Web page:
B*

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B*,
a best-first search algorithm that finds the least-cost path from the root node to any goal node out of one or more possible goals. B* was first published by Hans Berliner in 1977 [2], it is related to the A* search algorithm.

Underlying Idea

There are things that must be found and things that must be known

The value of a position, as calculated by the evaluation function, can’t be trusted unless it is confirmed by some kind of search. That is the “Raison d’être” of the quiescence search. If one replaces the quiescence by a full search with depth one, one gets a better value of this position. The deeper the search, the more reliable the evaluation. The reversal of this argument is to search further as long one can’t trust the backed up evaluation. This is the underlying idea of B*.

Multiple Values

The first approach of this idea is to use three values to describe a position. First the classical static evaluation, and an upper and lower value of what can be achieved, a pessimistic and an optimistic value of the position. The closer these values converge the static evaluation, the better. But they are dependent - the pessimistic value for one player is the optimistic value of the opponent player.

Once separated the "risk factor" from the static evaluation, one can use the evaluation to drive the search. This first trial of B* was not successful. The "risk factor" was not well measured by a static function. The step was to go for a specific search for more reliable values.

Threats

One further idea is to consider threats to drive the search! Resulting from careful thought, one can measure an upper bound of a deep search by a null move search. You play, your opponent pass and you play again, and now do a normal search (alpha-beta or PVS). This is the threat detection used by Andrew James Palay on PB* [3] . The two values to drive the search are:

1. the evaluation issued from a standard search
2. and an optimistic value from a null move search

Probability based Search

The next major step in the development of PB* is not to use the raw optimistic value to drive the search, but a probability to get a target value. If you select the target value, as the value that will force a change in the best move at root, the probability to get the target value fit the probability that this move will be better than the one selected at root.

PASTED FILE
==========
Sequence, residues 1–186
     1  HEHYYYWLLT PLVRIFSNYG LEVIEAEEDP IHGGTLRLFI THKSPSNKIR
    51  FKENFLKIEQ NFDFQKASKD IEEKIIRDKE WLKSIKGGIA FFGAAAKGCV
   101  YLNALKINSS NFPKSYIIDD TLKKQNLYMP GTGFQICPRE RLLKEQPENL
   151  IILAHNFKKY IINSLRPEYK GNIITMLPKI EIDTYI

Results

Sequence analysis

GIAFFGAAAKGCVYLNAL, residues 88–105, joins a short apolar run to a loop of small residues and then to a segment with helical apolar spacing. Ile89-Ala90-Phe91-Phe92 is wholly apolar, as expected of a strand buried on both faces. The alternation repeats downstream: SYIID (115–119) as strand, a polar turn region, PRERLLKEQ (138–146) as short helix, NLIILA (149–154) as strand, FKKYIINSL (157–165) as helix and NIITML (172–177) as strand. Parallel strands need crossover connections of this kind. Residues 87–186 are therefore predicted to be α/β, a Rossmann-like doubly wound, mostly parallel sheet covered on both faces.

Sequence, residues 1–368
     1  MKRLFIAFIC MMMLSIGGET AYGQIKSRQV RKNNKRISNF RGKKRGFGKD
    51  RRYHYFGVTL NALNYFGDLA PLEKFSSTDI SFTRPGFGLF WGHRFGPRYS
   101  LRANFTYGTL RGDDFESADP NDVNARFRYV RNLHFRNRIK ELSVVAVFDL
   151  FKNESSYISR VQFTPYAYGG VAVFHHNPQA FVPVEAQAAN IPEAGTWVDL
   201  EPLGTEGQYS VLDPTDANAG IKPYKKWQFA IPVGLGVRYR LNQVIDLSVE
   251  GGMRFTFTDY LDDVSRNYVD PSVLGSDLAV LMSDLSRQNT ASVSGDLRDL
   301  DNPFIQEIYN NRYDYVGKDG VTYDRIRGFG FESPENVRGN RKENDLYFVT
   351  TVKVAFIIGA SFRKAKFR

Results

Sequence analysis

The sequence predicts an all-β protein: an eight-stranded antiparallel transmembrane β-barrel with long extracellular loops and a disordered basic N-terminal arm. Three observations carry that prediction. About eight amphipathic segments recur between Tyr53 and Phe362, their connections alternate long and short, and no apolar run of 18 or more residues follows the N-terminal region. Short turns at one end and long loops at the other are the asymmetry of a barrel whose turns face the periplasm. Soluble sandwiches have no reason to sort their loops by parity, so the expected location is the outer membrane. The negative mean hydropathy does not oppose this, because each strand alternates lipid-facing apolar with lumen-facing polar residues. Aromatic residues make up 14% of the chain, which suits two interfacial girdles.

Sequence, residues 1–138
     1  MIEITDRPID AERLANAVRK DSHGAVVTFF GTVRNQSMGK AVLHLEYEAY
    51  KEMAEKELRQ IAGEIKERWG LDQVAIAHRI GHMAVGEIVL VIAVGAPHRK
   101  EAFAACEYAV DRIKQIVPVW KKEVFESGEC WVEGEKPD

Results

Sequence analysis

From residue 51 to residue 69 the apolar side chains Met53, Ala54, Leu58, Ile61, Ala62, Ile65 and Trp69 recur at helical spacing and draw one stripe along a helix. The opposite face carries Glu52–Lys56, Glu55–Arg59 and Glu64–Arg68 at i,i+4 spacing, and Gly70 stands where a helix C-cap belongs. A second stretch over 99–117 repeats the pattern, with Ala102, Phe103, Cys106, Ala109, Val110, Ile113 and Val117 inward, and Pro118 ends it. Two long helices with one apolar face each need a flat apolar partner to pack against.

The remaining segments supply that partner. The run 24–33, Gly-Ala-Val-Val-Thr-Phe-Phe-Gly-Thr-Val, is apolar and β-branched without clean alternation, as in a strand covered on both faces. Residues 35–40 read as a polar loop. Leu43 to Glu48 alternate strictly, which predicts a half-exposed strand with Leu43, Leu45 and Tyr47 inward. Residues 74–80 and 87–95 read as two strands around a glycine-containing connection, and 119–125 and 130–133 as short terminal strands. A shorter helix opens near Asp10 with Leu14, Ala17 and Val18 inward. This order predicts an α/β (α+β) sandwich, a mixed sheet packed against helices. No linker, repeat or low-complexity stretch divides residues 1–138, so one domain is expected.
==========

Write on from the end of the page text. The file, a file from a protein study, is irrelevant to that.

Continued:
Once you evaluate a leaf node you propagate the value and the probability to the root node. As the search evolves, the target value change and the probability also evolve. When there is no hope to get the target, one can terminate the search. Now we can define two logical modes to select a move: The move with best real value and the move with best probability to get the target value (optimism). These two modes must be used alternatively by the two players; otherwise you just get no sense. (You reply to a sac with another sac and then another sac...).

Two Step Search

As we must take this alternate choice into account for both players, we are forced to implement a two phases search. In the first stage we put to use the optimism for the player (Select phase). In the second stage, the opponent exert his optimism (verify phase). In the select phase, the player tries to raise the value for moves not in the principal variation (PV). In the verify phase, the opponent tries to pull down the value of the principal variation (below the second best).

Comparison: B* versus PVS